Fusil Semi-Automatique M.49
The MAS 49 is a semi-automatic rifle made by France in the late 1940s at Manufacture d'Armes de St. Etienne (MAS). It was built to replace the numerous bolt actions in French military service, one being the MAS 36, a rifle France made at the advent of World War II. The actual MAS 49 only saw limited production numbers of some 20,000 odd rifles while the upgraded, shorter version, the MAS 49/56 saw 200,000+ rifles produced. This rifle used a direct impingement gas system that had its design back to 1901. The rifle fired a 7.5mm cartridge from a ten round detachable magazine. It weighed about ten pounds, pretty average for a semi-automatic wood rifle of this era (the M1 Garand was about 9 1/2lbs). The overall length was an astounding 40 inches long which did not do the Vietnamese any favors. It had an effective range of about 450 yards when used with the iron sights. It was composed of majority wood and steel. The rifle was quite easy to disassemble; although it was not cleaned as much as it should have been.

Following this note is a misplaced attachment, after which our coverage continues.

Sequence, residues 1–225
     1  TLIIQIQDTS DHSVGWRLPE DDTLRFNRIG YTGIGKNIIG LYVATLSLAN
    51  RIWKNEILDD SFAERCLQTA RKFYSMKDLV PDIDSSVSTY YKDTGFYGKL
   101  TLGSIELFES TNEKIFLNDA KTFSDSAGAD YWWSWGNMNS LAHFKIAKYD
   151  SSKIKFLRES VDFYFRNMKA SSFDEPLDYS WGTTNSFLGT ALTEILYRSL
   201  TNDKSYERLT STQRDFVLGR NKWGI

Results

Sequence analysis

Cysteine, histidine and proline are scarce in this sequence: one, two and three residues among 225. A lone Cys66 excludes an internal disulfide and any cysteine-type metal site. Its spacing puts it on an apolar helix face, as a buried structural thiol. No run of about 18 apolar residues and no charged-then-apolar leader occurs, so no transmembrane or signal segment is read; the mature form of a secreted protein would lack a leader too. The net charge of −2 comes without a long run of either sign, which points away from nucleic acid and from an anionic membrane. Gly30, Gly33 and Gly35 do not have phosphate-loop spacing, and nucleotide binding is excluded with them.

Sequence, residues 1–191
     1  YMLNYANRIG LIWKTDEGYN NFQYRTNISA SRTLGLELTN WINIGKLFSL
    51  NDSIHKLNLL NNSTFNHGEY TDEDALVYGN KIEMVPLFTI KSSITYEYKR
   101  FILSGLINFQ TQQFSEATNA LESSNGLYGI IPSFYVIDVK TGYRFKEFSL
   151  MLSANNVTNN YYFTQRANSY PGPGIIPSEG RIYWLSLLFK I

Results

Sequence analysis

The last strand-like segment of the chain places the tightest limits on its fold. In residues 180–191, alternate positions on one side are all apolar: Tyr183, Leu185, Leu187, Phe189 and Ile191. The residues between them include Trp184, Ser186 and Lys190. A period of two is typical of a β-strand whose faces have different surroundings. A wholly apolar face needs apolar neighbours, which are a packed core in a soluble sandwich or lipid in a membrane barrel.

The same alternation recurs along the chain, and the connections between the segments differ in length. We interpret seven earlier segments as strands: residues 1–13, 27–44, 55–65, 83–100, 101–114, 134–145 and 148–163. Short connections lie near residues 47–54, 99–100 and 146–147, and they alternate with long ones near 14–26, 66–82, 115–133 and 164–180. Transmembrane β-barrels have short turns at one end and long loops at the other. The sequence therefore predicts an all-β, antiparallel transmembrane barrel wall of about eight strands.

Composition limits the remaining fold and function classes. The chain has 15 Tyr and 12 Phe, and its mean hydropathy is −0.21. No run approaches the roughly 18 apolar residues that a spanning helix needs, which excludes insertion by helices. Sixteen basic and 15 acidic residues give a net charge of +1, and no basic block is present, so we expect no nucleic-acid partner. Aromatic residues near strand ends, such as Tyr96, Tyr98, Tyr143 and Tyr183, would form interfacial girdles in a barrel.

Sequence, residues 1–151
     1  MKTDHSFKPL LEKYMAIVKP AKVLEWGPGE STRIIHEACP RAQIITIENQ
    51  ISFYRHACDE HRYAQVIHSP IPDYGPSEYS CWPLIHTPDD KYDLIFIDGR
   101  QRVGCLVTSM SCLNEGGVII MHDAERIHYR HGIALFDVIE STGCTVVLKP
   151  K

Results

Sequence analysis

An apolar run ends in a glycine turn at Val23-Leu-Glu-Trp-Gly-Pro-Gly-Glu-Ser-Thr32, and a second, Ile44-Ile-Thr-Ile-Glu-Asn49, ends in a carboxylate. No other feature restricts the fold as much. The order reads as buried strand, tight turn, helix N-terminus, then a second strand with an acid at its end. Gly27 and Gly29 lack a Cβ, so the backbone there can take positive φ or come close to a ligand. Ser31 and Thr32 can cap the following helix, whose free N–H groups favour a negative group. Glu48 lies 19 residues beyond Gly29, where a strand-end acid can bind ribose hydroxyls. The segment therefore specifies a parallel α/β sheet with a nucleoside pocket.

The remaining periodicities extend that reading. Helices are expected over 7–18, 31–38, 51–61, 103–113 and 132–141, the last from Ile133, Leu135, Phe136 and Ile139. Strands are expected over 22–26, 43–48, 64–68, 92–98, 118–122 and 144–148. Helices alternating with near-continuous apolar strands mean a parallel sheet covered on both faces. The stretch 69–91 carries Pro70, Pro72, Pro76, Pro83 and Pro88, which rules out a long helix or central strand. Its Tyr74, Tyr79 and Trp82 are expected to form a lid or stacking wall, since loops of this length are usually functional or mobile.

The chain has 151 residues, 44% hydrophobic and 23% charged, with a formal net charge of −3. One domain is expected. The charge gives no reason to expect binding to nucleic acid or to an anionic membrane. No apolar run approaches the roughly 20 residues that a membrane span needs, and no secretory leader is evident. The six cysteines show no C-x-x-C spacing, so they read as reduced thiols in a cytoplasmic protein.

The rifle saw service with both sides during the French Indochinese War and inevitably after against the United States with the VC and NVA. However, the rifle soon fell out of favor for captured AKs and such. As well, it soon became difficult to find 7.5mm surplus once stock ran out. Also, the rate of fire this rifle has compared to an AK or M-16 is significantly lower, which led to more troops abandoning it for better weapons. The rifle then saw service with rear-echelon troops instead. The MAS 49/56 saw service with the French military up until 1979 when France switched its main military rifle to the FAMAS. This rifle is not one that many people think of when discussing Vietnam-era weapons, but is important to understand its importance in the conflict.